While the official name of this barrio (neighborhood) in Buenos Aires is Balvanera, it is better known (and usually referred to) as Abasto. The name comes from the “Mercado de Abasto” building that was constructed in the late 1800s and is now used as a commercial shopping center.
This barrio is famous for it’s ties to tango, as this was where the legendary tango singer Carlos Gardel grew up. His childhood home remains open to the public as a small museum, and there are monuments and paintings in this neighborhood that honor his life and legacy. Little shops sell tango shoes and dresses, and many restaurants and theatres in the area try to draw crowds in with nightly tango shows.
There is much to do and see in this part of Buenos Aires. Here are a few recommendations on how to spend an afternoon in Abasto.
The first time I went to Abasto Shopping, I went simply to admire the building. Constructed in 1893, the building served as Buenos Aires’ main wholesale fruit and vegetable market. Unfortunately, “Mercado de Abasto” (Abasto Market) fell into disuse and was abandoned in 1984. This remarkable building sat empty for 15 years until 1999 when it was remodeled and restored as a commercial shopping mall.
Abasto Shopping is a great place to go on a rainy day with countless shops, restaurants, cafés, and bookstores to keep you busy. There’s also an arcade, a movie theater, and a children’s museum, making this mall a good place to take kids. Be sure to swing by the tourist desk at the mall for discounts.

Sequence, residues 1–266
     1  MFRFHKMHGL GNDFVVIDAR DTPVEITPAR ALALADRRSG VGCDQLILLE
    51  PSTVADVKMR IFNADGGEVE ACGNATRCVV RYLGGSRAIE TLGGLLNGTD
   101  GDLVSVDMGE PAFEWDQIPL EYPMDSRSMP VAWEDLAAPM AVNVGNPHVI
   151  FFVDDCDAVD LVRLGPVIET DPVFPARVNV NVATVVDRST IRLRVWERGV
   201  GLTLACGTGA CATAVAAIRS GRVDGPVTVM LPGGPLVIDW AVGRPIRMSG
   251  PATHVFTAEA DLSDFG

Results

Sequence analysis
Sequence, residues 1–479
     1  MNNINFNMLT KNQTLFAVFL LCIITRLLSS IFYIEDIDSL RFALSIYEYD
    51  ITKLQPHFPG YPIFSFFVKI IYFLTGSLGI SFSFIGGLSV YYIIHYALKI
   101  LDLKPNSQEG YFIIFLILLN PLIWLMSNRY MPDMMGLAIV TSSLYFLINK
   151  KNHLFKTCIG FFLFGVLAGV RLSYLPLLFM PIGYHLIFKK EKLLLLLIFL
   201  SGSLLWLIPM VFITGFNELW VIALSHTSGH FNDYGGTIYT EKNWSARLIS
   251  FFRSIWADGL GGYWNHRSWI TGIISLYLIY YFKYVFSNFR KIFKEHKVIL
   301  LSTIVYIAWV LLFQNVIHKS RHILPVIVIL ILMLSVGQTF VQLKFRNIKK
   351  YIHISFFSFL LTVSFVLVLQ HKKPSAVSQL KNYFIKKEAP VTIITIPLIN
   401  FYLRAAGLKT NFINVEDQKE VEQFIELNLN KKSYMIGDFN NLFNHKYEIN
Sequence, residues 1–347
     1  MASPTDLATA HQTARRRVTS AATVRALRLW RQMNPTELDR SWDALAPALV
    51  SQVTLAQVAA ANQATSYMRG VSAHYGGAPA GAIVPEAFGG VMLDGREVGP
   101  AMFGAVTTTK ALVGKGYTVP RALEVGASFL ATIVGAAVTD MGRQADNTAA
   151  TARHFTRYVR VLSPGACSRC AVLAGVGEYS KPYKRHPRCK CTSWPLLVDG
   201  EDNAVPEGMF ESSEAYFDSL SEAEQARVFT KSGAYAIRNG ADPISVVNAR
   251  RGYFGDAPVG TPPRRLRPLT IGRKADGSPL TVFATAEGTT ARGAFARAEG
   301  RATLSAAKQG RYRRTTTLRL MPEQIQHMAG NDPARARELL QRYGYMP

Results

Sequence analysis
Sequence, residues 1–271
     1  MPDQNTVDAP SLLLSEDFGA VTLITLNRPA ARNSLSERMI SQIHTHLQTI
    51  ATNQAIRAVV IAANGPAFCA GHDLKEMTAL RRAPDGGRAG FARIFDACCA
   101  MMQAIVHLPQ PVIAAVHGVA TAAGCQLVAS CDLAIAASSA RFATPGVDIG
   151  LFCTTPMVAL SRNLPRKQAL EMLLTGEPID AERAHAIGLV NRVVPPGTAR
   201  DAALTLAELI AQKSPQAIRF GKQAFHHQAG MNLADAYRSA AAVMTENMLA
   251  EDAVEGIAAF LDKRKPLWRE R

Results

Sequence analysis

Av. Corrientes 3247
Pasaje Carlos Gardel (Carlos Gardel Alley)
Just outside Abasto Shopping is a small pedestrian alleyway dedicated to and named after Carlos Gardel. There you will find a monument to this tango singer, as well as several other tango-related monuments. There are statues of Roberto “El Polaco” Guyeneche, a famous tango singer, and Anibal “Pichuco” Troilo, a great bandoneón player and composer born in Abasto. There is also the beautiful sculpture Monumento al Bandoneón (Monument to the Bandoneón).
Pasaje Carlos Gardel
Carlos Gardel 3200
Museo Casa Carlos Gardel (House Museum of Carlos Gardel)
If you’re interested in learning more about Carlos Gardel, the best place to go is the Museo Casa Carlos Gardel (House Museum of Carlos Gardel). This is the house that Gardel purchased for his mother Berthe Gardes in 1927. He lived there with her until 1933. Berthe continued living in the house until she died in 1943. After passing through several more owners, the home was bought and donated to the city of Buenos Aires to become a museum in 2000.
The home is a wonderful example of a typical pehache, also nicknamed a “casa chorizo;” it is long and skinny, cut into small rooms surrounding an open courtyard. Walk through the rooms to learn about Gardel’s childhood, his radio, recording, and movie careers, and the circumstances surrounding his death. Other parts of the house, such as the kitchen, are set up to show what the home probably looked like during the time when Gardel and his mother lived there.
The museum often holds special events for the public, such as free tango classes and musical concerts. Consult their website for more information.